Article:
Webb telescope captures its first direct image of an exoplanet
By Ashley Strickland, CNN
(CNN) -- Astronomers have captured the first direct image of an exoplanet with the James Webb Space Telescope.
The exoplanet, or planet outside of our solar system, is a gas giant about six to 12 times the mass of Jupiter. The planet, called HIP 65426 b, is about 15 to 20 million years old -- just a baby planet when compared to Earth, which is 4.5 billion years old.
It's located about 385 light-years away from Earth.
The planet can be seen in four different bands of infrared light as taken by Webb's different instruments. Webb sees the universe in infrared light, which is invisible to the human eye -- and makes it the perfect space observatory to reveal details about distant worlds.
"This is a transformative moment, not only for Webb but also for astronomy generally," said Sasha Hinkley, associate professor of physics and astronomy at the University of Exeter in the United Kingdom, in a statement.
Hinkley led the observations within an international collaboration.
The exoplanet was first discovered in 2017 using the European Southern Observatory's Very Large Telescope and its SPHERE instrument, located in Chile. The instrument took images of the planet then through short infrared wavelengths, but Webb's ability to see longer infrared wavelengths can shed light on new details.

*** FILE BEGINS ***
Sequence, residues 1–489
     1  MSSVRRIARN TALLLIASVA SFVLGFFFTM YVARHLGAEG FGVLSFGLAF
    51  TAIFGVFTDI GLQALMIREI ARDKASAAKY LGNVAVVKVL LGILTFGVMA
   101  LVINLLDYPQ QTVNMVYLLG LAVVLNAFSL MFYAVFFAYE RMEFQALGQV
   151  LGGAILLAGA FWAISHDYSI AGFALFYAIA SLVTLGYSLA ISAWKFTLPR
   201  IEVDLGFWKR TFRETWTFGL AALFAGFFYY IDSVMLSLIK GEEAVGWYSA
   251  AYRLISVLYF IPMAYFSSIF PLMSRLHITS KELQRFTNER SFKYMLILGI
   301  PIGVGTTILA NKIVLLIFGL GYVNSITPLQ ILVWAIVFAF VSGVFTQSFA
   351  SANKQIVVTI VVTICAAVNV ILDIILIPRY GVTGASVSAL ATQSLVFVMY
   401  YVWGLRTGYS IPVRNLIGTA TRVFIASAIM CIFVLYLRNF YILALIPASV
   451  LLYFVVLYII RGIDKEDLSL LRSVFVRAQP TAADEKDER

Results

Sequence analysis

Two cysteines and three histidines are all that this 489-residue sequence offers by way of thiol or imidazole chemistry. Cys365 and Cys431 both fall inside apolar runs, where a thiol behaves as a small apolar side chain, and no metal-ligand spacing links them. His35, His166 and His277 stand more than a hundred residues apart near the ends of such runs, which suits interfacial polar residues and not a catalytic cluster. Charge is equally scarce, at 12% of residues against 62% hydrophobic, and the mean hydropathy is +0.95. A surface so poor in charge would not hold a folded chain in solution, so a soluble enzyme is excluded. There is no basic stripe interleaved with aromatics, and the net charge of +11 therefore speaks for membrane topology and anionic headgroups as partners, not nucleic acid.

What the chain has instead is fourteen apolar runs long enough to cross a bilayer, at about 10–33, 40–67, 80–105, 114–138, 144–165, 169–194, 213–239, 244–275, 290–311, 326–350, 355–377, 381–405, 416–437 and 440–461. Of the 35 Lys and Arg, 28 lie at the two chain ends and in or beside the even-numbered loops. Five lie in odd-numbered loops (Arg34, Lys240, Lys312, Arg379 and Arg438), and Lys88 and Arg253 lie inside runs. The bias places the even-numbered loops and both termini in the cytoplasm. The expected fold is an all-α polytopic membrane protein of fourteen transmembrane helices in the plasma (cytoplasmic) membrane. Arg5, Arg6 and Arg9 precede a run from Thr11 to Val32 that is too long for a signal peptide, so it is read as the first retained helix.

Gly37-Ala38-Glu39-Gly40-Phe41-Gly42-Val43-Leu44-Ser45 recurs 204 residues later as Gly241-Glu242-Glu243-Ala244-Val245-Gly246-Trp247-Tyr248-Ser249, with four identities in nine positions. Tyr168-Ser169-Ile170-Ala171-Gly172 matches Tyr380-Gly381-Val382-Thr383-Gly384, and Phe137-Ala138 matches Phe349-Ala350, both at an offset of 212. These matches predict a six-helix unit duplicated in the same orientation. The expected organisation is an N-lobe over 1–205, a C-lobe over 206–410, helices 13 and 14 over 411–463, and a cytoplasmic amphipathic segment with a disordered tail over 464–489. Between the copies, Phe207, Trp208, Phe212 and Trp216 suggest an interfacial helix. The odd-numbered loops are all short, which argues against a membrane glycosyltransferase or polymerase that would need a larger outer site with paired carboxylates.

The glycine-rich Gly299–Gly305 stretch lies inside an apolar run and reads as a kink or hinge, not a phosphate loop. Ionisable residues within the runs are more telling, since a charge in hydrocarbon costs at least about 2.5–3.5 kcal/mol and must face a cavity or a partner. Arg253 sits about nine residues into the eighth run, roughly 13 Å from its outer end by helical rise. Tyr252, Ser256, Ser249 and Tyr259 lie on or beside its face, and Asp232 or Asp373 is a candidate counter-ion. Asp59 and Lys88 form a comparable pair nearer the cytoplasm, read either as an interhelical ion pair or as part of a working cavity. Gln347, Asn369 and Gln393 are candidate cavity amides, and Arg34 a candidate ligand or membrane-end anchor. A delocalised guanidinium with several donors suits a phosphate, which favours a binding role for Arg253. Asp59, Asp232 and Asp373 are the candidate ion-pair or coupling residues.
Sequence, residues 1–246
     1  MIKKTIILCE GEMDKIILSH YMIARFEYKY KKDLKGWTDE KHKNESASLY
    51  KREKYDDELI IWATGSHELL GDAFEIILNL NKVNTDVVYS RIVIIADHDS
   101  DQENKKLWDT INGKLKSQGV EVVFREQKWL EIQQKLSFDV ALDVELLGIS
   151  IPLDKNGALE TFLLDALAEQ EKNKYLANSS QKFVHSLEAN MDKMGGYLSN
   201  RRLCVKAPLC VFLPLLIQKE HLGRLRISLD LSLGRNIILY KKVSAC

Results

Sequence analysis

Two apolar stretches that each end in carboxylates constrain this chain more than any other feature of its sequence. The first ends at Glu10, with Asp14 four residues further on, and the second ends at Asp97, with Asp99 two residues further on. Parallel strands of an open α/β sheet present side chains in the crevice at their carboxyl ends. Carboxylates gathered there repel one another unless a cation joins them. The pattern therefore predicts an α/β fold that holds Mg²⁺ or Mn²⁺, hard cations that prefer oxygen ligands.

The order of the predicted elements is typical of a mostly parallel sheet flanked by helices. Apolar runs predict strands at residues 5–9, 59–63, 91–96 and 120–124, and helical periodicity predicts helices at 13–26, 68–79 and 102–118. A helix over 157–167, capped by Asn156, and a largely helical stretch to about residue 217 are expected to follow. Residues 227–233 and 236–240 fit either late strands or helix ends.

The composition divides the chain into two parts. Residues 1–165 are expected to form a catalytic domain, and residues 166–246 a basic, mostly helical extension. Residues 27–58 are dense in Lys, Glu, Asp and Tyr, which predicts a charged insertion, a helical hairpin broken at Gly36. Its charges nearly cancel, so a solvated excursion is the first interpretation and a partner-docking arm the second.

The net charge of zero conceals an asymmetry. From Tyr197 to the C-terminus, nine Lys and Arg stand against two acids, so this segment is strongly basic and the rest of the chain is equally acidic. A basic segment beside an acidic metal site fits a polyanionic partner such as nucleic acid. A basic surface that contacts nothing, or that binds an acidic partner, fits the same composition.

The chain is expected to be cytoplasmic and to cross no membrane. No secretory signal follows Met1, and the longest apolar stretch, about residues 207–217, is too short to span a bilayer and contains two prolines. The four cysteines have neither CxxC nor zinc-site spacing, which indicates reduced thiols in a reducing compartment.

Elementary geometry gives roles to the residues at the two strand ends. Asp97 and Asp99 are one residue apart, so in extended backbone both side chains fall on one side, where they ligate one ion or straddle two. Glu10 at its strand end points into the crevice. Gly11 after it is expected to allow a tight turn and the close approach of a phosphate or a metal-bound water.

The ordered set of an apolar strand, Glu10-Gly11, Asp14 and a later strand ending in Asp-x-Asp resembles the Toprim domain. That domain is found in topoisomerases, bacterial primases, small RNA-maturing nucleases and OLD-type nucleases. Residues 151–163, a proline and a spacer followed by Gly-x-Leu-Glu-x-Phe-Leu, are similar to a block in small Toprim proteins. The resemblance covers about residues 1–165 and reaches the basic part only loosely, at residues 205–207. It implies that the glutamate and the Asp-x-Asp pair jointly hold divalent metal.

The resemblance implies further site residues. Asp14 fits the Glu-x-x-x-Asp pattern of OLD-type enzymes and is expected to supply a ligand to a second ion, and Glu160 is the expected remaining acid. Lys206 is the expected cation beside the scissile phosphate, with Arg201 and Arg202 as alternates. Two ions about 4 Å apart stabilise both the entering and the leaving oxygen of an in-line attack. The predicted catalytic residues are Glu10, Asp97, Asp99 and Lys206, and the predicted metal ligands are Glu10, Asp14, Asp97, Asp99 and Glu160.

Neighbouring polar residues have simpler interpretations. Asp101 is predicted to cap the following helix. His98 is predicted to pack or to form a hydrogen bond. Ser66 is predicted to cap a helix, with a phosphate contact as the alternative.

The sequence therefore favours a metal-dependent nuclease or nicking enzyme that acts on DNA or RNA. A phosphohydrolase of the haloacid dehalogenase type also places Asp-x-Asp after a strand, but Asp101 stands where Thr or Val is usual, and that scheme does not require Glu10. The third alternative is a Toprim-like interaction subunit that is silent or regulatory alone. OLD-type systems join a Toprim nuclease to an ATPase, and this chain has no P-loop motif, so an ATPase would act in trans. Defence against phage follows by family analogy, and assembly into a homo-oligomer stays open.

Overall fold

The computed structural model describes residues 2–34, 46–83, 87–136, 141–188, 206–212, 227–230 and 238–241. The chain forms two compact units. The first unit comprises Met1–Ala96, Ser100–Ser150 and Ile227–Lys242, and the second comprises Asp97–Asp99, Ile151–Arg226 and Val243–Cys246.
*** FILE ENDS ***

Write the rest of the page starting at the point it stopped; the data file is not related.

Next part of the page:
Scientists are analyzing Webb's data of HIP 65426 b and a forthcoming study will be submitted to journals for peer review.
The exoplanet is about 100 times farther from its host star than Earth is from the sun, which allowed Webb and its instruments to separate the planet from its star. Some of Webb's instruments are armed with coronographs, or masks that can block starlight, enabling the telescope to capture direct images of exoplanets.
Stars are much brighter than planets and in this case, HIP 65426 b is more than 10,000 times fainter than its host star in near-infrared light.
"Obtaining this image felt like digging for space treasure," said Aarynn Carter, analysis lead for the images and a postdoctoral researcher at the University of California, Santa Cruz, in a statement. "At first all I could see was light from the star, but with careful image processing I was able to remove that light and uncover the planet."
While the Hubble Space Telescope was the first to capture direct images of exoplanets, Webb's infrared exploration of exoplanets is just beginning. The telescope has already shared the first spectrum of an exoplanet by detecting a water signature in its atmosphere and found the first clear evidence of carbon dioxide in an exoplanet's atmosphere.
And the space observatory only began making scientific observations this summer.
"I think what's most exciting is that we've only just begun," Carter said. "There are many more images of exoplanets to come that will shape our overall understanding of their physics, chemistry, and formation. We may even discover previously unknown planets, too."
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